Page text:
His powerful fist shattered the faces of the jukeboxes upon his exit, while his face twisted in rage and disgust. Surrounding him, teammates did the same as a torrent of uniforms stormed from the Texas establishment. A few minutes earlier, peaceful baseball players entered for a meal. Chaos began with just four words from the manager’s lips, “You can’t eat here.”
When Tommy Aaron (brother to Hank Aaron) and Billy Lucas (brother-in-law to Aaron) entered the restaurant, they were asked to leave. So Aaron and Lucas left, followed by the rest of their team. In 1961, desegregation was only beginning. Black athletes still slept in separate hotels than whites, because the fight for equality was ongoing.
“[This incident] was disturbing to the whole team, because [to us] there was no black and white, no color barrier of any kind. We respected each other’s abilities. We rooted for each other, and … that was just a disgrace to the black players. From then on, we showed solidarity to each other,” recalled Mr. Corky Withrow, a former St. Louis Cardinals outfielder and KHSAA Hall of Famer.
Withrow also remembers the All-American City basketball tournament at Kentucky Wesleyan College in 1957, when Mississippi State was pitted against Iona University, whose jersey was worn by several African Americans. Before game time, the governor of Mississippi called his athletes home because “black and white were not mixed at the time,” Withrow explained.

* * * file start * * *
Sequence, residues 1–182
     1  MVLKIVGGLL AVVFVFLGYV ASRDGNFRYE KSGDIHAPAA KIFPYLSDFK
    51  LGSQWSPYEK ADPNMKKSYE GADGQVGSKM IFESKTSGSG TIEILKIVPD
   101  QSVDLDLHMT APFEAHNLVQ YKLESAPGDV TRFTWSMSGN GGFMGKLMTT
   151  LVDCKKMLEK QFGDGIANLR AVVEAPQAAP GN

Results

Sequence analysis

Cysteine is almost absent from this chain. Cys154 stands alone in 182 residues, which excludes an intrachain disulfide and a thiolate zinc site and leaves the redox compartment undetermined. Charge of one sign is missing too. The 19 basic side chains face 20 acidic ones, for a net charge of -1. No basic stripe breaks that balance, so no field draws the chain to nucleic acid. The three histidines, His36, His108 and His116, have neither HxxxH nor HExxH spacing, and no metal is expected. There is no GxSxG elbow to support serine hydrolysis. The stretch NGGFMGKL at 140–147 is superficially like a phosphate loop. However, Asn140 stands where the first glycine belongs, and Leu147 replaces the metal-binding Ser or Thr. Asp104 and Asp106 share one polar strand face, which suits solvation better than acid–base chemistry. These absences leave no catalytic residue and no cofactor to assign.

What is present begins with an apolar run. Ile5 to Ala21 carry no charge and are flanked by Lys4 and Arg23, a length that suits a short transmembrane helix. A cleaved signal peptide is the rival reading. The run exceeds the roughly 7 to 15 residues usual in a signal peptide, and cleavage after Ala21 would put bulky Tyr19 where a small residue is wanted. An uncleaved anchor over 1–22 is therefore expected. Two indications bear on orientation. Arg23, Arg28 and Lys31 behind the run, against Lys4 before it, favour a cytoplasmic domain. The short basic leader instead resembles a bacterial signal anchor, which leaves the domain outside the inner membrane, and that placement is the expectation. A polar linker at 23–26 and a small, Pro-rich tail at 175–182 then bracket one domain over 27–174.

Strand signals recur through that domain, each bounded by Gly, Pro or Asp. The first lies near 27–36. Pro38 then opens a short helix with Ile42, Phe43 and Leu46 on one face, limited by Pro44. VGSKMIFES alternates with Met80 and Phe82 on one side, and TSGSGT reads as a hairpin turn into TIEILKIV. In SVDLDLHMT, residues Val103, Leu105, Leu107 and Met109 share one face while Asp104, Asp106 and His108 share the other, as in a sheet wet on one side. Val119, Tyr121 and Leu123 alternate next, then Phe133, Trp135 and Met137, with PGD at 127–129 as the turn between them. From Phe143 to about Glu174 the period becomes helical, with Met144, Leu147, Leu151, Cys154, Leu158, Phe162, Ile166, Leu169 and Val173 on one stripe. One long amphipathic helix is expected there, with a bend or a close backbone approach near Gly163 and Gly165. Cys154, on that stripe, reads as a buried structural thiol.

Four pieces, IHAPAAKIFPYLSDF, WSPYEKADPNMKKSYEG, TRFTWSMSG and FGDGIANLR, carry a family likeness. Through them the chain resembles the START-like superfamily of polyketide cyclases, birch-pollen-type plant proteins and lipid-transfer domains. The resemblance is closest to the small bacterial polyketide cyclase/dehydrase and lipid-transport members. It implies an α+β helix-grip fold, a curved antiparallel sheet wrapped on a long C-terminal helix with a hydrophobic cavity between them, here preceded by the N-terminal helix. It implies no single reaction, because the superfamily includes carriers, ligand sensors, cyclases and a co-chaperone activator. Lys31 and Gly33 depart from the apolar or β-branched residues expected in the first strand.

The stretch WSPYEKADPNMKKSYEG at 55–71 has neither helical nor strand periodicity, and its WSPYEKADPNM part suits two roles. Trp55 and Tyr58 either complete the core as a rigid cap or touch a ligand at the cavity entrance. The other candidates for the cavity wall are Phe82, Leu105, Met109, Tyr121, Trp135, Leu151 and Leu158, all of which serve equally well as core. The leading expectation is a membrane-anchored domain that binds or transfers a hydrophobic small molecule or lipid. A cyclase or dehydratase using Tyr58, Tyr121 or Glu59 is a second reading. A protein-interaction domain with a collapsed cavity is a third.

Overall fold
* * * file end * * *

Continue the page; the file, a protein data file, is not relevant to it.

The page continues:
Throughout his career, one athlete broke the color barrier. At the plate, he stood with pride, unaffected by the spitting remarks from the sidelines and field. He combatted racial slurs and discrimination. He completely altered the sports world, turning it upside down by mixing cultures, races and ideas.
“You have to respect a player that knows that he is going to get the abuse, the name calling and the cussing, … but still you had him [in the] situation that changed the face of baseball forever,” Withrow said. “Thank goodness for Jackie Robinson. The whole Major League should be thankful for a person like [him].”
Today, stadium lights illuminate fields on which black skin lines up next to white, on which Caucasian hands shake those of African Americans where equality reigns. The intense work of previous athletes should not be forgotten. The fact that rosters are filled with players of all ethnicities and backgrounds should be appreciated.
In sports, race doesn’t matter. Ability does. Passion does. Hard work does. Talent knows no racial barrier. Thank you to all players who made that possible. Thank you for your sweat and willingness to work despite hate. Thank you for your tears, competing despite hurt. Thank you for your radical stance, continuing the fight to prove that all men are created equal, both on and off the field and court.